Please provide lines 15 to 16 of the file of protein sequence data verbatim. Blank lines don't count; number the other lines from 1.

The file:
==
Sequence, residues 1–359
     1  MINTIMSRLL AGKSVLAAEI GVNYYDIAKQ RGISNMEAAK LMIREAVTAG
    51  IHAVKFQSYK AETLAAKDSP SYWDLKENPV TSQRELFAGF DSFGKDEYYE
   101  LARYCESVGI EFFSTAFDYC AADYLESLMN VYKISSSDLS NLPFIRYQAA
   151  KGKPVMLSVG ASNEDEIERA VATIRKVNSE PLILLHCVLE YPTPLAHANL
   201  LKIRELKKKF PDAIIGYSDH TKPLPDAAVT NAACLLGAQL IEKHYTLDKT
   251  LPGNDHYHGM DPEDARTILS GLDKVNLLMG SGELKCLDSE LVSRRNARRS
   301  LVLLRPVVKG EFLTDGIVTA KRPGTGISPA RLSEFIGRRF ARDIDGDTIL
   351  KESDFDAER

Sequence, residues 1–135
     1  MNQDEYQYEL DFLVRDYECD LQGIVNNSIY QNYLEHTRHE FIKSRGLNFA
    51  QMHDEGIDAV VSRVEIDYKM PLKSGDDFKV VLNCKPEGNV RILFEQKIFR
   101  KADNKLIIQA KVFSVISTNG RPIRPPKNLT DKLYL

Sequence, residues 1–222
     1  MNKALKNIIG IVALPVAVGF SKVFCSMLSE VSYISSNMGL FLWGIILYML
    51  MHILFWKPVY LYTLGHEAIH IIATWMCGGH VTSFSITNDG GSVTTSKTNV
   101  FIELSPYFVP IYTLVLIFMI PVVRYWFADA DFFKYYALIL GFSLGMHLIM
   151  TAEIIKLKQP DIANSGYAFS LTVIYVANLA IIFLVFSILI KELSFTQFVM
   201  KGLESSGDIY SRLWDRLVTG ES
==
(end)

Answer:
     1  MNKALKNIIG IVALPVAVGF SKVFCSMLSE VSYISSNMGL FLWGIILYML
    51  MHILFWKPVY LYTLGHEAIH IIATWMCGGH VTSFSITNDG GSVTTSKTNV